Crumb Catcher


A newlywed couple is held captive in a remote lake house by a maniacally optimistic inventor and his sour wife who are desperate to finance his dream project with a half-baked blackmail plot.



Maggie Lovitt,

There is almost nothing worse than an unwelcome guest who overstays their welcome. Crumb Catcher manages to take the discomfort of such an occasion and make it a hundred times worse. All writer-director Chris Skotchdopole had to do was take an awkward new marriage, an off-the-rails waiter who wants to be an inventor, and a little sexual blackmail, and blend in the absolute horror of a home invasion to create one of the most uncomfortable and cringe-inducing films to screen this year.

Crumb Catcher opens like a Cooper Raiff film: endearing and a little cynical. Leah (Ella Rae Peck) and Shane (Rigo Garay) pose for their wedding photographer, struggling to conjure up the emotions of a couple about to embark on their happily ever after. The photographer goads them with questions, trying to inspire them to smile and laugh and act like they’re in love for the money shot, and it’s through these stiff, stilted answers that Skotchdopole introduces the first sign of trouble in their whirlwind romance. Leah works for the publishing house that is set to publish Shane’s novel, which is based on his absent-from-the-wedding father, and it’s clearly driven a wedge between them that Leah is oblivious to.
With the first few scenes of the film, it’s nearly impossible to discern what direction Crumb Catcher is headed. There’s tension between the couple, a hint of underlying money troubles, and a taste for liquor, but beyond that, it feels like a slice-of-life drama, not a home invasion thriller. At least, that is right up until the moment John (John Speredakos) steps into the picture. After a wedding cake mix-up during their wedding that neither Leah nor Shane seem entirely bothered about, John makes it his life’s mission to make it right—for his own, psychotic reasons. He tracks them down to the remote house that Leah’s editor has gifted to them for their honeymoon, strong-arms his way inside with his partner-in-crime Rose (Lorraine Ferris), and turns their honeymoon into all-out hell.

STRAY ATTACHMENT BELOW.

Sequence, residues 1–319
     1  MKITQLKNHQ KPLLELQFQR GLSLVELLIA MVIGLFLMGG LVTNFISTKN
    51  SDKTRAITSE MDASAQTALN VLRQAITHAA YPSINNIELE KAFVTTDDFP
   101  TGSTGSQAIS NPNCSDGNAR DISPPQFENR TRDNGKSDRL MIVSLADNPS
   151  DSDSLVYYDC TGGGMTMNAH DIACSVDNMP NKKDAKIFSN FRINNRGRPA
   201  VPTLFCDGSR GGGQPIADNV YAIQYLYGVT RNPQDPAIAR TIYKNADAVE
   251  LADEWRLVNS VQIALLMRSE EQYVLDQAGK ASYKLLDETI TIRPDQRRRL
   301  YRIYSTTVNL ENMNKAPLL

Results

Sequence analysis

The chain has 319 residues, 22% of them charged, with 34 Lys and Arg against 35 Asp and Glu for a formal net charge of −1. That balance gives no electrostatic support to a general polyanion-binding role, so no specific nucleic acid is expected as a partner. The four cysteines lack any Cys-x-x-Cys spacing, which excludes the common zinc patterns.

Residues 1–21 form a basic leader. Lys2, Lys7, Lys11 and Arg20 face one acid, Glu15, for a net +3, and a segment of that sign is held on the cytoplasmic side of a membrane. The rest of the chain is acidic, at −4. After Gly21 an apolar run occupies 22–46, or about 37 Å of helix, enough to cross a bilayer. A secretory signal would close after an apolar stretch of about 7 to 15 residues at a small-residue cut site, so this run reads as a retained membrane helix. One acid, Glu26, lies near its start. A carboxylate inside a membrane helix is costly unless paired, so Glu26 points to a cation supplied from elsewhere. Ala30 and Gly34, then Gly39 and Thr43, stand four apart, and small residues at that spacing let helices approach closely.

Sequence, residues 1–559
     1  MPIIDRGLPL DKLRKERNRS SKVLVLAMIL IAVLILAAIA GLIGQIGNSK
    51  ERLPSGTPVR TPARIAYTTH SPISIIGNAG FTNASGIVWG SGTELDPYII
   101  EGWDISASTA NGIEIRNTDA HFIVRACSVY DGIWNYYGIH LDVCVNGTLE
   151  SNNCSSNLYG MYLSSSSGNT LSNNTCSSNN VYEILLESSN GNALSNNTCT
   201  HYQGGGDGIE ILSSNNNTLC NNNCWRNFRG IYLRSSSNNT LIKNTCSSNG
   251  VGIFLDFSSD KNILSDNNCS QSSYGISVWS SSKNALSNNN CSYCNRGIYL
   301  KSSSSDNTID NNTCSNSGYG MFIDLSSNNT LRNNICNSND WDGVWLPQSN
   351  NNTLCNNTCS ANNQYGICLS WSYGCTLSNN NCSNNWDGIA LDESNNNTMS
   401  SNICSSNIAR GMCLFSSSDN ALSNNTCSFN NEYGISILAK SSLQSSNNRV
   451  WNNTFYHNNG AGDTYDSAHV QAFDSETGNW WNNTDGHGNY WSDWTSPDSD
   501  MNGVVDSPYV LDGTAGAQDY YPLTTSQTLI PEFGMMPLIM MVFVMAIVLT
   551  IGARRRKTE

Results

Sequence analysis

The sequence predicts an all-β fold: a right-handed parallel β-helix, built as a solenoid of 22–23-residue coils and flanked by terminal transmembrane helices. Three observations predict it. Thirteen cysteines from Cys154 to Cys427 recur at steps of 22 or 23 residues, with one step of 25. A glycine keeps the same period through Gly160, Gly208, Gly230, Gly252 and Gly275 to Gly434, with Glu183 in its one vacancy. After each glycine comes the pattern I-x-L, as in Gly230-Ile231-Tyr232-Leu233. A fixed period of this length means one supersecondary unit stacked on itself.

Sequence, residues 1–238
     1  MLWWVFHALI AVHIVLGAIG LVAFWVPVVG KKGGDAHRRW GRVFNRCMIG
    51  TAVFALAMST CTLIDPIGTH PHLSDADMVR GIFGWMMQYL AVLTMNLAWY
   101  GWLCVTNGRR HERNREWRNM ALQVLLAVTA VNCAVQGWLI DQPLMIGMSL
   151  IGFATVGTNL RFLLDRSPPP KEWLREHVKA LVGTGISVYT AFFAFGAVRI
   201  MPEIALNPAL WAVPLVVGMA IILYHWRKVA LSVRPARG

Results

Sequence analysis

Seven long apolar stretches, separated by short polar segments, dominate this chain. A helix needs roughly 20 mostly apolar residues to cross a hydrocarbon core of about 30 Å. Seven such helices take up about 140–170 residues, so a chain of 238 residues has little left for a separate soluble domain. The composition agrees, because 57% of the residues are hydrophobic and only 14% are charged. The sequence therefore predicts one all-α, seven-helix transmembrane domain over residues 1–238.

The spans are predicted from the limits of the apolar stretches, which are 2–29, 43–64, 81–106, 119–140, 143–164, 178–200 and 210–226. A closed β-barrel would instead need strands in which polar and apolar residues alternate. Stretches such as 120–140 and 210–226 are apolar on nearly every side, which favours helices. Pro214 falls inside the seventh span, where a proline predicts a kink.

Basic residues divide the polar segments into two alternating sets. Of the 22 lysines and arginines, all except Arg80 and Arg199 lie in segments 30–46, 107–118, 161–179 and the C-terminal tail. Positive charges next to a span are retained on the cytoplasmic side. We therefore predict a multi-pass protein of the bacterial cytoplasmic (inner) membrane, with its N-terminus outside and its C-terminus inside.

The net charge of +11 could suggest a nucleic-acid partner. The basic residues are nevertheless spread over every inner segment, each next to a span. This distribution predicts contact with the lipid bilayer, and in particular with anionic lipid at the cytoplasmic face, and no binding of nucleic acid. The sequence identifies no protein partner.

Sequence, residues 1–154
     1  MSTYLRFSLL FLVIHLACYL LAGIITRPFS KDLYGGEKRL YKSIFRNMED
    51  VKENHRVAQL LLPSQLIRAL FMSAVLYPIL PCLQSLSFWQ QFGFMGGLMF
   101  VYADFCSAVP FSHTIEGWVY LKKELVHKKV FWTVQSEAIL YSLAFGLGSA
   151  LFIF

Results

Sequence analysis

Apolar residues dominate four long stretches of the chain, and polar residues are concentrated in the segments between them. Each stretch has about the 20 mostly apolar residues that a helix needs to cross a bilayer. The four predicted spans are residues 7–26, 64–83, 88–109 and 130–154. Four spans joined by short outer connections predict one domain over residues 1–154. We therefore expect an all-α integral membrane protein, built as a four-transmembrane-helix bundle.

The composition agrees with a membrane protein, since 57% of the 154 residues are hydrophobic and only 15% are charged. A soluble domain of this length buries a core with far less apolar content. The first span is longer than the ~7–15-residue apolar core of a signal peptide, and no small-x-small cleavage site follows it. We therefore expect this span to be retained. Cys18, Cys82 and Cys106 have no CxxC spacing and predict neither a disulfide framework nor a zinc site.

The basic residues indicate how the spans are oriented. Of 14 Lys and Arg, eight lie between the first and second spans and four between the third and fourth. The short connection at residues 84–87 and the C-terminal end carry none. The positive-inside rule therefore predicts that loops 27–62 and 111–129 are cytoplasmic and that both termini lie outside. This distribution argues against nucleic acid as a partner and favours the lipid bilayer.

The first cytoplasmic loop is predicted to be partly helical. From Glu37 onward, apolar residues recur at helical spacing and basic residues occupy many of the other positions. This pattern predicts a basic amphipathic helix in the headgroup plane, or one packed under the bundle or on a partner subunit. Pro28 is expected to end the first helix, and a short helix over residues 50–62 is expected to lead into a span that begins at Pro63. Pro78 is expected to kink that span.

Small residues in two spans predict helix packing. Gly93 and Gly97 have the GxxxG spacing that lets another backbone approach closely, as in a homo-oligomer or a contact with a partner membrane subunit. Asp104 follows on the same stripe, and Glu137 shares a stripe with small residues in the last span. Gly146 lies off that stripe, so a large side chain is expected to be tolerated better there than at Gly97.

What’s worse than a home invasion? A boundary-crossing salesman trying to bully $50,000 out of the homeowner’s bank account to bankroll their useless invention: The Crumb Catcher. John’s sales pitch almost rivals some of the more anxiety-inducing scenes in The Menu, complete with a dinner from hell and a madman with a gun.

Skotchdopole’s script is incredibly clever with the way it drops breadcrumb clues about the characters, but sometimes the breadcrumbs lead to questions, rather than answers. There are plenty of allusions to the subject of Shane’s book and hints at why Leah didn’t invite his father to their wedding, but they’re vague and left entirely unanswered. While Peck and Garay are stupendous actors who play off each other quite nicely, the script frames their relationship as cold and ill-matched romantically. This narrative choice makes it difficult to sympathize with either of them or even root for their survival—which also, ultimately, aids in making the film a wholly uncomfortable experience from start to bitter finish

Aside from plot decisions that will leave audiences screaming at the characters to “LOCK THE DOOR!” there are other issues with the script that might leave them unsettled for all of the wrong reasons. Crumb Catcher leaves it rather ambiguous as to whether or not Shane was coerced into the situation that provided Rose with ample blackmail to leverage against the newlyweds. Shane seems remorseful for it, as though he sought out Rose on his wedding night, but at the same time he appears wasted in the video—and since Rose was the bartender, it seems to suggest he was actually assaulted, which the film never addresses. If it had, perhaps it would’ve given both Shane and Leah stronger motivations in the final act, rather than delivering a rather flat reveal.